Parents who hand over the reins to young children mean well but can it end well? Do you know families that operate in this way? Has the age of reason moved to six from 13—recognized by major religions–and isn’t 13 on the young side to know the best place to live or vacation?

Photo: ca.news.yahoo.com

Service of Free Shipping & Returns

Thursday, October 15th, 2015

delivering package

Loretta Chao wrote “More Retailers Offering Free Shipping on Returns,” which caught my eye because I’m spoiled by online retailers who swallow the cost of shipping back and forth instead of foisting the charges on me. She wrote in The Wall Street Journal: “About 49% of retailers now offer free return shipping, according to a new study released this month by the National Retail Federation, underscoring how companies that had long been resistant to footing the bill for returns are being forced to do so by their customers.”

I see shipping as an e-tailer’s cost of doing business just like rent in often expensive neighborhoods and the salaries of sales associates are costs that standard retailers shoulder. I’m irritated when an e-tailer asks for a minimum purchase that’s too high–like $100–to qualify for free shipping and I pass on the opportunity if I only need $39 worth of goods. If there’s a generous sale involved, I can accept a minimum order without gripe.

ecommerce fulfillmentThose in e-commerce would do well to guarantee free returns, even if they charge for the initial shipping, or people may increasingly be reluctant to buy more than commodities. Sizes of clothing and shoes are zany and the vase you thought Aunt Irene would love may not be a fit. It’s inconvenient enough to repack a box and deliver it someplace without adding the insult of another charge.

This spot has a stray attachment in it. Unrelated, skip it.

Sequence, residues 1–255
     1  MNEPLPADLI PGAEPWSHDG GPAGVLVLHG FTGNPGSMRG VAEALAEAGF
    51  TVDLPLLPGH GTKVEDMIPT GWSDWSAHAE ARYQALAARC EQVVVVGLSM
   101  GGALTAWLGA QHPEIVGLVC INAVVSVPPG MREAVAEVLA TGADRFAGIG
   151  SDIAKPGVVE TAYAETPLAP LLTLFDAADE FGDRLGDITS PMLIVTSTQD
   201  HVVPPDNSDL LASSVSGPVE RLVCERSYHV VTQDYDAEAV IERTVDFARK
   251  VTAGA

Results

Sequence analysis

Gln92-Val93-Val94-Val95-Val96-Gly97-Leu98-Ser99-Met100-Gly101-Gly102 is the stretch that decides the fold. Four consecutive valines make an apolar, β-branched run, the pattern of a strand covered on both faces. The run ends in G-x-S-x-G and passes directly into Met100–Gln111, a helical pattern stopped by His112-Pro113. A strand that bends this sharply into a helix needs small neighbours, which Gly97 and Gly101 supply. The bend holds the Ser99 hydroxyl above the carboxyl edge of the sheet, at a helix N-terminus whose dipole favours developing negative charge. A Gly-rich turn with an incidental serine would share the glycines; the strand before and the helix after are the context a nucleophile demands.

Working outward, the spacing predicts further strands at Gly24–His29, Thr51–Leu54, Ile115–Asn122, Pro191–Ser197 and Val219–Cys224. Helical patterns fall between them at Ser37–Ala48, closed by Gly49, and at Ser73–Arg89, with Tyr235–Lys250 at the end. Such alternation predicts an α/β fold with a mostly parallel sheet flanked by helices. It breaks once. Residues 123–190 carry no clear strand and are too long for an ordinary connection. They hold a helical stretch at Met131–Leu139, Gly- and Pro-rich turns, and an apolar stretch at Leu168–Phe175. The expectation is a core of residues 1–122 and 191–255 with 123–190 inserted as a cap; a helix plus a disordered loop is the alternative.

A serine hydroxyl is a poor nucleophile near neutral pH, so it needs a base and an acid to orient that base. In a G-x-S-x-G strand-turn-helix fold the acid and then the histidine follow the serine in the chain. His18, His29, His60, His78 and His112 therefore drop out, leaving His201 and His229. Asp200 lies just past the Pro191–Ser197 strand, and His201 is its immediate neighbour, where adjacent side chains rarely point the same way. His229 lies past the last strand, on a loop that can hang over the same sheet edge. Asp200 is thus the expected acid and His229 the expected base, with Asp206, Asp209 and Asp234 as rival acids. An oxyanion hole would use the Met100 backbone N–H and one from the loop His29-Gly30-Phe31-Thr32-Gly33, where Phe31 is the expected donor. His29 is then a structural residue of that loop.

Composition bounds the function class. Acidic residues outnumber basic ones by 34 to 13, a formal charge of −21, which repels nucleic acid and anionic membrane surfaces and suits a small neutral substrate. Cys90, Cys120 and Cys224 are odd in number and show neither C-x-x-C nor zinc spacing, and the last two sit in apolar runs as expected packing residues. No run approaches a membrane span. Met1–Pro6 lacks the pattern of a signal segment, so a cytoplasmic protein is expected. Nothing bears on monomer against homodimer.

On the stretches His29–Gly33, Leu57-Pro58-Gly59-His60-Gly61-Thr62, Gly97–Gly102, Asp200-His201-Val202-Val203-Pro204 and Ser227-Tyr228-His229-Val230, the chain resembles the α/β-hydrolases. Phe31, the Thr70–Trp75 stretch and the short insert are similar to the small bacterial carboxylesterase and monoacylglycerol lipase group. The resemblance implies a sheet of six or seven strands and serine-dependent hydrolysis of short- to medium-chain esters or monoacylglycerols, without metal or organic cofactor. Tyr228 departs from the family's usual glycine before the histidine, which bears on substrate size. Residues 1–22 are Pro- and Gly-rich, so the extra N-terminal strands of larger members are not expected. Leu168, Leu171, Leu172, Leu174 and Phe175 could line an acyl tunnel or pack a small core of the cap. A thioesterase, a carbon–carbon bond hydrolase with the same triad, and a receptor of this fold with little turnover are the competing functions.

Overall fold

“The added costs will put a strain on retailers gearing up for the peak holiday season, which historically is followed by a surge in returns,” wrote Chao. “In January, returns were up 15% over average return rates for 2014, and the volume is growing, Mr. Jindel said.” Satish Jindel is president of SJ Consulting Group Inc. and shipping data firm ShipMatrix Inc.

Another industry expert, Chris Dunn said that in the past e-tailers thought people simply wouldn’t return things so they didn’t have to worry about offering the service. Chao quoted Dunn: “‘They’re starting to realize that you’re still going to return, and you’re not going to buy from that retailer again.’”

Do you pay attention to shipping costs when you buy online? Have you ever balked when you’ve seen what the shipping costs will be even after taking the time to identify what you want and fill out all the charge and address information? If you’re buying something that needs to fit a person, a bed or a window, or a gift that someone might want to exchange, do you cancel an order if you, or the recipient, must pay to ship the return?

 carrying package

Get This Blog Emailed to You:
Enter your Email


Preview | Powered by FeedBlitz

Clicky Web Analytics